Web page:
Oil’s Price Bound To Rise: Just Wait For The Demand Recovery | Investing.com


  • Oil’s late decline is sentiment-driven, not related to economic fundamentals
  • Supply is already at maximum capacity, with no short-term or long-term growth prospects
  • Any pick-up in demand will break through the supply ceiling putting massive upward pressure on oil prices

During the third quarter have followed the market’s steady decline, falling by 25% since early July. And yet, oil supply seems to only be getting tighter and tighter with little-to-no chance of loosening any time soon. Supply is stalling while demand is set to pick up, hinting that the upshot in prices we saw as Covid restrictions loosened might happen all over again.

Bearish Sentiment, Bullish Fundamentals

Much like most other financial instruments in 2022, oil’s downward path has more to do with market sentiment than with supply and demand dynamics. The Federal Reserve’s , a benchmark for other central banks, has investors bracing for a recession. Its hikes have also pushed the to 20-year highs, making USD-priced commodities (such as oil) more expensive globally.

For weeks now, banks have begun to warn that oil markets will eventually read through the noise and return to economic fundamentals, where all factors point in the same direction: upwards.

JPMorgan is among the most bullish, with the bank’s oil and gas analysts saying they expect to rebound to $101 by the end of the year. Goldman Sachs predicts Brent to reach $125 by early 2023. Morgan Stanley and UBS both revised their expectations downwards, yet their 4Q Brent targets remain at $95 and $110, respectively.

The common thread underlying the banks’ reasoning is tight supply. On all fronts, supply seems to be on a downward trajectory with no signs of growth.

The G7 is steaming ahead with a global oil price cap and the EU’s ban on seaborne Russian oil imports is set to be implemented by December 5th. Russia has already warned that it will refuse to sell oil to countries enforcing the price cap, leaving those aligned with the G7 struggling for supply. Russia will also likely face practical challenges in delivering oil to its ‘new’ buyers (i.e. India & China) given the freeze from Western insurance and tanker services. Either way, sanctions will limit global oil supplies.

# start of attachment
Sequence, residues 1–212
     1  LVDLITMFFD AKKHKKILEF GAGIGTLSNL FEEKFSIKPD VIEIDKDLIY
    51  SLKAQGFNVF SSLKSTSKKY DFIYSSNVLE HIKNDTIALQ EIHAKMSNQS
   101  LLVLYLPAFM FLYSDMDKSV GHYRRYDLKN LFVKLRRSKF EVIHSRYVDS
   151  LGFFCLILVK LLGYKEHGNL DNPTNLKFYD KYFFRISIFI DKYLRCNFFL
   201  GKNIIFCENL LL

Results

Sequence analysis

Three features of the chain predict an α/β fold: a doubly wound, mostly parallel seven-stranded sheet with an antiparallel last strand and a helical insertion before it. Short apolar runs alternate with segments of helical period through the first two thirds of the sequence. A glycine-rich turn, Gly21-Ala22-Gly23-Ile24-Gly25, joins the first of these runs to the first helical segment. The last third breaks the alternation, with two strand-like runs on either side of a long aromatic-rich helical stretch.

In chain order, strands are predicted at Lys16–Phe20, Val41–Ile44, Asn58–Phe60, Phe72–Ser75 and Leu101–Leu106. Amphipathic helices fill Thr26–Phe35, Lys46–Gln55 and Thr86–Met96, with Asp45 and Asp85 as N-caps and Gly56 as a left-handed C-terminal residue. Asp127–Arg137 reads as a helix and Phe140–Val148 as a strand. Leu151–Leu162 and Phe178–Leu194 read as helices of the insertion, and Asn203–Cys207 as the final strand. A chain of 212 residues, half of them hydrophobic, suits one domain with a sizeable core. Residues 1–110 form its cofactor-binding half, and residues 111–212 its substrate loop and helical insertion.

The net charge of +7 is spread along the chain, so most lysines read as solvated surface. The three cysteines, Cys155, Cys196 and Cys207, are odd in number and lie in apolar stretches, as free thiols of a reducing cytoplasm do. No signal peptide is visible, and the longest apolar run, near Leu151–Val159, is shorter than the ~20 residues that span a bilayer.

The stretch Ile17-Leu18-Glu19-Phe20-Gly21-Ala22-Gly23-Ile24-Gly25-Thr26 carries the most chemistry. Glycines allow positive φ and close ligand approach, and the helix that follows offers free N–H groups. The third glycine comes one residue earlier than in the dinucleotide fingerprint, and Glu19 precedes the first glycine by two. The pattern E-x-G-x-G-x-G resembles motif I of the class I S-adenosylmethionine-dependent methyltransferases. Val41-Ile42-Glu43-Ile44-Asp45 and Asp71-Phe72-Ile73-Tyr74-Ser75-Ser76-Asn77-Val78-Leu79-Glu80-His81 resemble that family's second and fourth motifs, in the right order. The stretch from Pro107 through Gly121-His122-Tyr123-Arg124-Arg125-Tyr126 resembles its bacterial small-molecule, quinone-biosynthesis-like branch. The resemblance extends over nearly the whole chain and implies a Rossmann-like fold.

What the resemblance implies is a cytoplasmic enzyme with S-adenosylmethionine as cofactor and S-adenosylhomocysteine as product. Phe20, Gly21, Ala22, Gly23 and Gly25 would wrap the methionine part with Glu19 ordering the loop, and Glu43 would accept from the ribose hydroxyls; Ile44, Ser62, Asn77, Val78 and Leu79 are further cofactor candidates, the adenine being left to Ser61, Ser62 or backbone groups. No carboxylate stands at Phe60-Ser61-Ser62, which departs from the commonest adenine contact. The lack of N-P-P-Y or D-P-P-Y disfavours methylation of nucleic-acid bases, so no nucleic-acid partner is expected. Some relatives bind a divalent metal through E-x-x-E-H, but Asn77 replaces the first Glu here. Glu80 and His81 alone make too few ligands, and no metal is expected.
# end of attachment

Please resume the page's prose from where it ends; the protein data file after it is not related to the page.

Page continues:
In the US, the Strategic Petroleum Reserve is at its lowest level in decades, causing worry in the White House. As of now, it seems that releases are set to fade out this fall, with final deliveries potentially reduced or even canceled.

Supply Side Pressure Continues

More bad news for the supply side – just last week rumors emerged that OPEC+ might should Brent drop below $90. Analysts estimate the cartel would need to reduce output by roughly 1m bpd to keep the price up. This comes after OPEC+ already cut their October target by 100k bpd, showing the group’s willingness to respond to changing market conditions. The cartel’s next meeting is on October 5th. With Brent currently at $85, a further cut in production targets shouldn’t come as a surprise.

An analysis of the supply factors paints a bleak image – the market is undersupplied, with little in the way of upside. As Saudi Aramco’s Amin Nasser warned, years of underinvestment in new oil production are beginning to make an impact. And, in this macro climate, energy capital expenditure is showing no sign of picking up. In fact, it is plummeting.

The slowdown in demand explains part of the market’s underestimation of global oil supply tightness. Yet, demand is bound to recover at some point and there are two situations that suggest that may happen sooner rather than later. 1) China (and its 1.4b people) remains largely under lockdown and is bound to reopen by the end of the year; 2) spiraling gas prices will lead to increased demand for fuels (including oil) in the generation of electricity.

The current equilibrium in oil markets is temporary and fragile, held in place by a step back in demand. Any step forward would break through the supply ceiling, putting massive upward pressure on price. It is not a matter of whether demand will recover, but when.

In my next piece, I’ll be sharing an energy company well-positioned to ride the demand recovery when it happens.

Disclosure: The author does not currently hold a position in any oil-related securities. This article is written for informational purposes only. It does not constitute a solicitation, offer, advice, counseling, or an investment recommendation.

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